Business Overview of Marriott Corporation

4516 Words Dec 17th, 2012 19 Pages
Harvard Business School

9-282-042
Rev. September 15, 1986

Marriott Corporation
The idea of repurchasing shares was no stranger to Bill Marriott by January 1980. Almost five million shares of common stock had been repurchased on the open market by Marriott Corporation during 1979 at a total cost of $74 million and an average price of $15.16 in the belief that they were undervalued—a belief that still was not fully reflected in the market price. At $19 5/8, the stock was selling at only six times cash flow per share; and its price/earnings ratio of nine was a far cry from historical multiples as high as fifty times as recently as 1973. Its low price seemed to offer once again an obvious opportunity to benefit shareholders. However,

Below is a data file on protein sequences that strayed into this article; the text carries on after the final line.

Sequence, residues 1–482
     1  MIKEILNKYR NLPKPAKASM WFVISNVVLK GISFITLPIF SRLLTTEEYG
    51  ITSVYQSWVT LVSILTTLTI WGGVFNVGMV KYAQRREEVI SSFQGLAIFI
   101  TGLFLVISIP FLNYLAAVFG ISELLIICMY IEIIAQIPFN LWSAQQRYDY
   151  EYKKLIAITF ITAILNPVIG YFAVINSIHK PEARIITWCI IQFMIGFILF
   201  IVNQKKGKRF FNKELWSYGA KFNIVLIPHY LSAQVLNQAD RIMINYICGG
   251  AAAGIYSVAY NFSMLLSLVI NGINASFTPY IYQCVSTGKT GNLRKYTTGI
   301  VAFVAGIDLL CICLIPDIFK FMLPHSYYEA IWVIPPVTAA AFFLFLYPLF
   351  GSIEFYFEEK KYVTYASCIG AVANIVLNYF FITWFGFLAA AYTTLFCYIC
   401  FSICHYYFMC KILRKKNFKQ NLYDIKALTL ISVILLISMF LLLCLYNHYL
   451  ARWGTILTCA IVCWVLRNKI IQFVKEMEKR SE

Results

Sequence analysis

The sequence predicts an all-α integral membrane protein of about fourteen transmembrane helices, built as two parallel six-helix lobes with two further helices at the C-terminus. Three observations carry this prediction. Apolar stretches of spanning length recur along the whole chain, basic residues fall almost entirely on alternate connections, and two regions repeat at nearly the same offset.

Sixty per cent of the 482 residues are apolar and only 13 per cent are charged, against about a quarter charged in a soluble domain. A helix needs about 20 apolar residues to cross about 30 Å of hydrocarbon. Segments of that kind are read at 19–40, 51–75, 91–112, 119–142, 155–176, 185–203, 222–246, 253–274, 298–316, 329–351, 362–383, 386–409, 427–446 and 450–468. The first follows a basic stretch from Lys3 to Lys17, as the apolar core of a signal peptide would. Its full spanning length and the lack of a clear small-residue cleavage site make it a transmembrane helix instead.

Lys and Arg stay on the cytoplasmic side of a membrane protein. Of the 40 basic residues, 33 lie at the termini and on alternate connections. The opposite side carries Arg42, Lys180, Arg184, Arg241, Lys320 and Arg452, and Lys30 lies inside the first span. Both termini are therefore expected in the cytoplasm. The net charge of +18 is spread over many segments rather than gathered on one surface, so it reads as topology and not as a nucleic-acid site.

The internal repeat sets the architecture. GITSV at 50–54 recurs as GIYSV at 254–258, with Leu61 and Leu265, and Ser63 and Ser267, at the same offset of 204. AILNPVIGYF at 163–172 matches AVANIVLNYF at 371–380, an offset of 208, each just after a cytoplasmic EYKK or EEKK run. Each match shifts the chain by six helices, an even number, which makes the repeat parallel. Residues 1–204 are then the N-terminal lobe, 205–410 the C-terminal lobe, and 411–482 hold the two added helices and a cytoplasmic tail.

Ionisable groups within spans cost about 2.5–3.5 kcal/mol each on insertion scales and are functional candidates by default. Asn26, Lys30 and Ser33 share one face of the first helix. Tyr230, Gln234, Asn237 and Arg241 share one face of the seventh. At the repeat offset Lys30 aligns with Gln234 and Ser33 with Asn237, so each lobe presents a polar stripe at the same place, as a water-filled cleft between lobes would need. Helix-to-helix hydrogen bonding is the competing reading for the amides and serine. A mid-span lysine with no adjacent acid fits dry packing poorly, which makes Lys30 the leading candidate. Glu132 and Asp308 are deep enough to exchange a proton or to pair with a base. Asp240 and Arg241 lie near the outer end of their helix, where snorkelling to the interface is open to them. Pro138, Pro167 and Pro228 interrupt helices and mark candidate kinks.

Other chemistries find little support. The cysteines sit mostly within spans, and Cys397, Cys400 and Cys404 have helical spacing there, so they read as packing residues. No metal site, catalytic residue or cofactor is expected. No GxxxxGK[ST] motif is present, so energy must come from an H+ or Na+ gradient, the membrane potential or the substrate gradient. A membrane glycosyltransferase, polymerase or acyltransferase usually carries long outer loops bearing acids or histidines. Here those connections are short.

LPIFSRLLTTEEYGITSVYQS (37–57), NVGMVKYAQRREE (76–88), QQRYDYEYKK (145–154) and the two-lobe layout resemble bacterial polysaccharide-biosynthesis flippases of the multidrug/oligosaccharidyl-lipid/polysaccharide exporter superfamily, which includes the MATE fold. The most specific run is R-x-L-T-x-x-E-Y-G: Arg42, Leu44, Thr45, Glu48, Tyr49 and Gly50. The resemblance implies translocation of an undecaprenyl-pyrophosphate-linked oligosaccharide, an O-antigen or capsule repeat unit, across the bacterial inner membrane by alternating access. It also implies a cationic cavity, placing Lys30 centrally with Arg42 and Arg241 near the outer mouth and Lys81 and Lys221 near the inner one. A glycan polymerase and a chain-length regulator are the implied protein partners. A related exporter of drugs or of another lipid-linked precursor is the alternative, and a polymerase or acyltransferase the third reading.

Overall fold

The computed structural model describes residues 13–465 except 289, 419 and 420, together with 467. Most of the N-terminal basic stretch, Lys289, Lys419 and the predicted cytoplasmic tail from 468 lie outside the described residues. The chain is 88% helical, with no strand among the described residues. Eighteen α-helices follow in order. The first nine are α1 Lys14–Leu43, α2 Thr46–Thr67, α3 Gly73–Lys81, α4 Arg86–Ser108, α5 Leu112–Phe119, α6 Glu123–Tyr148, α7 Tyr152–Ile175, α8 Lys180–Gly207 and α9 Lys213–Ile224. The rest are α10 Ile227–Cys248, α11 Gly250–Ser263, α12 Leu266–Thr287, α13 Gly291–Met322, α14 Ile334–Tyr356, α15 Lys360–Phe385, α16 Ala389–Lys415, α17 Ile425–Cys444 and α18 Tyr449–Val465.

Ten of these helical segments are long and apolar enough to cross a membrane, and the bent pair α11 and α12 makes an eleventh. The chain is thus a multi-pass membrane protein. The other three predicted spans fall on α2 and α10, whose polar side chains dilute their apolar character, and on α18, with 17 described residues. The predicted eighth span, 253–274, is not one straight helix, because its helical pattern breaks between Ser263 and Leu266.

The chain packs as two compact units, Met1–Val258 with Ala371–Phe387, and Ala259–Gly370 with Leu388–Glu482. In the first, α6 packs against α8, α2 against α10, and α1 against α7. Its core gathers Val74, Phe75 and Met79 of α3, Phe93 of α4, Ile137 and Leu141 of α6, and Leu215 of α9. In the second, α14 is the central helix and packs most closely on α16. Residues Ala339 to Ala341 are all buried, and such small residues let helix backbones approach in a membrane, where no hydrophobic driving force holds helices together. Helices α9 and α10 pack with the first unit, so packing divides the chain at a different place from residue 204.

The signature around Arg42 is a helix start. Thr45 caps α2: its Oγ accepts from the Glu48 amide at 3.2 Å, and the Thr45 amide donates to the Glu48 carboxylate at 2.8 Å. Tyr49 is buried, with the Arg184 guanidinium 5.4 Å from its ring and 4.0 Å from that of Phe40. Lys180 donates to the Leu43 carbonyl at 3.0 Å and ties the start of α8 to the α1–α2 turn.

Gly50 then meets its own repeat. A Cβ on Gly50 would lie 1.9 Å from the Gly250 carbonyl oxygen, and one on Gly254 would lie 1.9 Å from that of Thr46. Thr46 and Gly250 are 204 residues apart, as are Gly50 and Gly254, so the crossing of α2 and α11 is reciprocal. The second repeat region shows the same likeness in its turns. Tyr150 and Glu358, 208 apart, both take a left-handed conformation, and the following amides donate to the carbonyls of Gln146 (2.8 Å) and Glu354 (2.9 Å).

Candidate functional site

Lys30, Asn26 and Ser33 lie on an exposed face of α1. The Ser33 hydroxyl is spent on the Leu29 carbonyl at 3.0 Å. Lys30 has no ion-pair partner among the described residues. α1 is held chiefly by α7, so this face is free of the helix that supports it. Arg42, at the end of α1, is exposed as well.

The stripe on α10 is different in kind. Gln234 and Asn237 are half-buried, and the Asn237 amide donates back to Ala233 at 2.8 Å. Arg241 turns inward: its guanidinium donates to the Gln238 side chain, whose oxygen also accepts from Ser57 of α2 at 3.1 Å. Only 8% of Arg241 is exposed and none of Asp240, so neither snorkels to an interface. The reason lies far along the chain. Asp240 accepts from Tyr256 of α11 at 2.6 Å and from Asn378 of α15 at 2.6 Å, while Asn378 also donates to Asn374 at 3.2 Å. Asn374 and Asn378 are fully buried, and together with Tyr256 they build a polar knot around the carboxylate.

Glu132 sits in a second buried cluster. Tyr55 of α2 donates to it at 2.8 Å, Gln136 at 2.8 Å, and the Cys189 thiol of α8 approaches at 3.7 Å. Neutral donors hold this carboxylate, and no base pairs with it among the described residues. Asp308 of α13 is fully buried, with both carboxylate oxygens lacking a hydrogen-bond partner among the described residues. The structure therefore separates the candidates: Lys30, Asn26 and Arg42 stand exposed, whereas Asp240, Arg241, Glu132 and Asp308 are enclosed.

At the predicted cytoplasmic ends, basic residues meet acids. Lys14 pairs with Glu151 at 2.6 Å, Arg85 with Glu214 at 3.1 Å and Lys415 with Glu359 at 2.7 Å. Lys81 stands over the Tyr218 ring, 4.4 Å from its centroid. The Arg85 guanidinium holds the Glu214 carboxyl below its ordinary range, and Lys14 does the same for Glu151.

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By 1980, more than 23,000 rooms were offered through 55 hotels and resorts located primarily in the U.S. Approximately 70% of company-operated rooms were owned by outside investors and managed by Marriott under agreements averaging 70 years in length. These management agreements contributed approximately $40 million to operating profits in 1979—profits that tended to rise with inflation. Contract Food Service (32% of sales)—Marriott operated almost 300 contract food units, providing a wide range of food service capabilities to a variety of clients. It was the world 's leading supplier of catering services to airlines, with 62 flight kitchens serving domestic and international air travelers. The Food Service Management Division also managed restaurants, cafeterias, conference centers and other facilities for over 200 clients, including business, health care, and educational institutions. Restaurants (25% of sales)—Marriott 's Restaurant Group consisted of 476 company-owned units offering a variety of popularly priced food in 46 states. Roy Rogers fast food restaurants and Big Boy coffee shops accounted for 92% of the total units. Theme Parks and Cruise Ships (8% of sales)—The two Great America theme parks, located in Gurnee, Illinois, between Chicago and, Milwaukee, and in Santa Clara, California, were opened in 1976. Both parks combined a wide variety of thrill and
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